Written by John C. Goodman
The other day I had a post on an ingenious entrepreneurial solution to the problem of imperfect information in the market for physicians’ services. One of the commenters was Nobel Laureate Kenneth Arrow and I have republished his remarks below.
But first I want to focus on a broader set of issues. Most discussions of health policy in recent years have focused almost exclusively on getting people insured and (if they are sick) keeping them insured. Today I want to ask about everything else the government is doing:
Loyal readers of this blog know that government is deeply involved in all of these areas and in every case the decisions it makes are very, very bad. a
Government policy should be one of neutrality and laissez faire. It should not bias choices or restrict them — at least no more so than in markets for other professional services.
We frequently hear that health care is special. I don’t disagree. But that specialness does not prima facie warrant regulation. To the contrary, because of the specialness of health care it is extra important that politicians and special interests not be allowed to muck things up. As it turns out, almost all the special regulation in health care has left us worse off than if it had never been legislated in the first place.
On the other hand, here is Professor Arrow:
The statement that competition may mitigate the effects of asymmetric information is certainly true, and I don’t think I ever said anything to the contrary. I do maintain that usually, and certainly in the health industry, competition is at best a partial solution and does not obviate the need for public policy to add to market discipline…
Consider the purchase of a complex consumer good, say an automobile. Here, there may well be asymmetric information. The company can keep records of complaints about its products and may know fairly well the probability of a failure in some aspect. The buyer knows nothing at time of purchase and may acquire only a limited knowledge from experience. If there is a failure, our system relies on a non-market mechanism, namely, civil litigation. This could of course be countered by the seller’s announcing in advance the possibility of failure, as pharmaceutical manufacturers do regularly. The point is that competition is only a partial substitute for asymmetric information. The possible disutilities and the asymmetry of information are much greater in the case of medical services…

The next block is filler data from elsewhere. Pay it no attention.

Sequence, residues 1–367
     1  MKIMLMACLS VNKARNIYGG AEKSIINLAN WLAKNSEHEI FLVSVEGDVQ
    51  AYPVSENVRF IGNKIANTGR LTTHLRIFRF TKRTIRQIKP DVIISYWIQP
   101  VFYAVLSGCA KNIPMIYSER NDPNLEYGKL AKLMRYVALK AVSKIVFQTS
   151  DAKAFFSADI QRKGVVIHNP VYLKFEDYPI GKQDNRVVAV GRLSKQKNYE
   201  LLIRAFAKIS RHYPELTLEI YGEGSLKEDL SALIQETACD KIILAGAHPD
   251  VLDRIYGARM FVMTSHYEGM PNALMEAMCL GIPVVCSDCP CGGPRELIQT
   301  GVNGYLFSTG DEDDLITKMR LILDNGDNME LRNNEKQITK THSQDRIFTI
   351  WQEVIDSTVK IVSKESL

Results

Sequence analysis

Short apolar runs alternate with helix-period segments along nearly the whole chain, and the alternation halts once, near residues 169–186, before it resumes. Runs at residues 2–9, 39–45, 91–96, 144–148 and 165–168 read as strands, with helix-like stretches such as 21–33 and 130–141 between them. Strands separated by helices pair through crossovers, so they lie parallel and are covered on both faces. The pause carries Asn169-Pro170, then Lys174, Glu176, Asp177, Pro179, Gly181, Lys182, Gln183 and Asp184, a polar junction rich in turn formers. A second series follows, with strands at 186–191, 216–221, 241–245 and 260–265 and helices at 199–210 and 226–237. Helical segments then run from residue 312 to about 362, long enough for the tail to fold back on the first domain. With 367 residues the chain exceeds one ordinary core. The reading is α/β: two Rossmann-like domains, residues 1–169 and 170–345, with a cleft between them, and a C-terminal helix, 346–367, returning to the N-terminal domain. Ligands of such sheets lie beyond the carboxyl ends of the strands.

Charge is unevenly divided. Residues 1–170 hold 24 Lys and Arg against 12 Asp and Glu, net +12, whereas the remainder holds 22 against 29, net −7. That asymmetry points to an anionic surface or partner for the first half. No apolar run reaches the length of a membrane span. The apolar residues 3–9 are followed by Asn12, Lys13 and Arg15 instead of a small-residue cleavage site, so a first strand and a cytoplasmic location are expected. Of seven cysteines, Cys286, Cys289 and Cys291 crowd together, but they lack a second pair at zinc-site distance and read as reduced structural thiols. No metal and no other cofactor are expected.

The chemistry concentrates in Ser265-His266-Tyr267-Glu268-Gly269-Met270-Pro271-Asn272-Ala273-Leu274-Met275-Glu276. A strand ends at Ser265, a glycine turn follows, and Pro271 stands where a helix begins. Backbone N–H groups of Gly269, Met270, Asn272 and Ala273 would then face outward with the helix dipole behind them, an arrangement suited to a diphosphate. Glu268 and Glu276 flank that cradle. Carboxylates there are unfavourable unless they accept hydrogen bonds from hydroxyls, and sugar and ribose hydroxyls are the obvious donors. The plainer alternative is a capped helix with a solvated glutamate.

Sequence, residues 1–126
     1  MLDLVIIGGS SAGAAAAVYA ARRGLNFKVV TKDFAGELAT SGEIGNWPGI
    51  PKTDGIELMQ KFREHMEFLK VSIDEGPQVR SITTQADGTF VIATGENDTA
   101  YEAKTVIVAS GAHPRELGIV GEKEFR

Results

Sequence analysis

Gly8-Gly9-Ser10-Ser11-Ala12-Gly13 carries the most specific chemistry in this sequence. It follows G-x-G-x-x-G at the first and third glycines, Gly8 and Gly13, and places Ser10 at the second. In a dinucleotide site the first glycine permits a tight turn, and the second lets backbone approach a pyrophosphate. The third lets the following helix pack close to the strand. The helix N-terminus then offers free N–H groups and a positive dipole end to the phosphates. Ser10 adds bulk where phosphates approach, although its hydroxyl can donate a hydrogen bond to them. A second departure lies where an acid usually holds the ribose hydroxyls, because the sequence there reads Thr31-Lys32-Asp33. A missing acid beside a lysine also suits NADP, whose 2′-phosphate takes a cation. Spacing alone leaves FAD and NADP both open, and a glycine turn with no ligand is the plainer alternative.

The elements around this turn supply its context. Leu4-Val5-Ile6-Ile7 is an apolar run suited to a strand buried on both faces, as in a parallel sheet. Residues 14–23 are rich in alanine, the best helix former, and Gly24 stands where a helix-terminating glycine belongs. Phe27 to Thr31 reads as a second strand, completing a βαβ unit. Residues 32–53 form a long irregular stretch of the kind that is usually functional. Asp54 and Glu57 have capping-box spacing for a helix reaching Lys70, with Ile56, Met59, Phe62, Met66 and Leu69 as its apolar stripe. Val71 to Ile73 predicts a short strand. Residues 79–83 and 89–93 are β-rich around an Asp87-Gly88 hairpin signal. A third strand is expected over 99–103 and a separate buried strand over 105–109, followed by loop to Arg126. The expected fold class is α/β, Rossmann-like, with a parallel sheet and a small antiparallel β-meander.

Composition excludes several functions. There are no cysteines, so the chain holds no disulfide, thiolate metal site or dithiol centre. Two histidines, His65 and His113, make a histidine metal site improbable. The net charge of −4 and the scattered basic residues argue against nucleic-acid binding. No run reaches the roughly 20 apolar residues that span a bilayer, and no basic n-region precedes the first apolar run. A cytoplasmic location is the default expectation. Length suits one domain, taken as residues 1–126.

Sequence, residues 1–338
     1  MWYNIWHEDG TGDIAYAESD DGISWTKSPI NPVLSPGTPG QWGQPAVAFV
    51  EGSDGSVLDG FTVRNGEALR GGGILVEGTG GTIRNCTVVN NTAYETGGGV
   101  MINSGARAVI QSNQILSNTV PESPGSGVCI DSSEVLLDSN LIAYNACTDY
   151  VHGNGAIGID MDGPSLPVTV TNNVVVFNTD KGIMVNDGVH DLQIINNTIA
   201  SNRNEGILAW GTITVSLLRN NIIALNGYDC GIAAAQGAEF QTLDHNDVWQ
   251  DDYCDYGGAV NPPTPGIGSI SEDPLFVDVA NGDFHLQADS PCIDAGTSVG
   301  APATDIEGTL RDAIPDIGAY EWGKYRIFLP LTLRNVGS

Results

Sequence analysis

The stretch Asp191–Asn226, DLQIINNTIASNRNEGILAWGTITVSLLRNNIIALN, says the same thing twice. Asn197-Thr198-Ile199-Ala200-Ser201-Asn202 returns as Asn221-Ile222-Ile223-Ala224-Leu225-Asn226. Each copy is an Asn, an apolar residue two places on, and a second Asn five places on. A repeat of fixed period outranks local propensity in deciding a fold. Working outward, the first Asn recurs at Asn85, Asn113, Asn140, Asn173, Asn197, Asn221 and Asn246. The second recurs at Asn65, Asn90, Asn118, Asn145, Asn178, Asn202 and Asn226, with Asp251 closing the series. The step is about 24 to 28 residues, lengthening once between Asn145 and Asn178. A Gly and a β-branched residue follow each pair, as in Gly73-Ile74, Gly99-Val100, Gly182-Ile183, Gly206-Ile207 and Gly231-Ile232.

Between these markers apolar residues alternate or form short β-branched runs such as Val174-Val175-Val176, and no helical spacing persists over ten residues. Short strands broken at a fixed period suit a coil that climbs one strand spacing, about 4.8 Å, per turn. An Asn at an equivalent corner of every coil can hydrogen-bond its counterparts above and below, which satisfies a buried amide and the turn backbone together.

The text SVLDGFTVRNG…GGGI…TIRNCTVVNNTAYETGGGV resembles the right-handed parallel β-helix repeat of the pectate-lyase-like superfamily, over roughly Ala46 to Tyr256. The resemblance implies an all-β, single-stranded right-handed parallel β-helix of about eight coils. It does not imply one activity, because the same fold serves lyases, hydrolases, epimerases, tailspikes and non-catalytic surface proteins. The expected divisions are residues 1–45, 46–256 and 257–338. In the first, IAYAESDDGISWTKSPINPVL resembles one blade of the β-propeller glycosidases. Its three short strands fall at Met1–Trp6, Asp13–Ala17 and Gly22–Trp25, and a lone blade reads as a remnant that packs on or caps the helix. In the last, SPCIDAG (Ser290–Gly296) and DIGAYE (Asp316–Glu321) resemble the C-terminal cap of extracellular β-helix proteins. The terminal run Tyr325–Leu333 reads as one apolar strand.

I have two responses to this. One is theoretical; the other is empirical. Let’s take the empirical evidence first.
There may be market failure in health care. But as I documented years ago, this sector is so completely dominated by government failure that market imperfections pale by comparison.
What is the primary result of government’s involvement in this sector? It is the overwhelming presence of third-party payment of medical bills — created directly through Medicare and Medicaid or encouraged indirectly through the tax exclusion for employer-provided insurance. And what is the result of that? It is a sector where there are no real prices and therefore where there is no real price competition. And, as I have shown elsewhere, when you don’t have price competition, you don’t have quality competition either.
All of this of course creates perverse incentives — for everyone. And when people act on those incentives they do things that make costs higher, quality lower and access more difficult than otherwise would have been the case. Virtually everything the government has been doing in health care in recent years is an attempt to ameliorate the bad effects of people acting on the perverse incentives created by previous government policies!
By contrast, Devon Herrick and I have shown that wherever third-party payers are absent (or at least unimportant) health care markets work really well. For example: cosmetic surgery, Lasik surgery, international medical tourism, domestic medical tourism, walk-in clinics, free standing emergency care clinics, telephone and email consultation services, concierge medical services, online mail order pharmacies, etc. (See The Market for Medical Care: Why You Don’t Know the Price; Why You Don’t Know about Quality; And What Can Be Done about It.)
Bottom line: where patients are spending their own money and government is least involved, health markets work best. Where government-created or government-encouraged third-party payment dominates and where government is most involved in other ways, health markets perform very poorly.
Now for the theoretical point. It is not correct to say that government can in principle improve upon the market if you cannot produce a model of political decision-making that can plausibly produce those improvements. Phil Porter and I have shown that as long as public policies compete against each other for the political support of people affected by those polices, the conditions for optimality are so extreme they will never be met.
In other words, government failure is normal. And the expected distortions are not small. They are large
John C. Goodman is President of the National Center for Policy Analysis, Research Fellow at the Independent Institute, and author of the book Priceless: Curing the Healthcare Crisis.
The Wall Street Journal and the National Journal, among other media, have called him the "Father of Health Savings Accounts." Dr. Goodman's health policy blog is the premier right-of-center health care blog on the Internet.
It is the only place where pro-free enterprise, private sector solutions tohealth care problems are routinely examined and debated by top health policy experts across the ideological spectrum.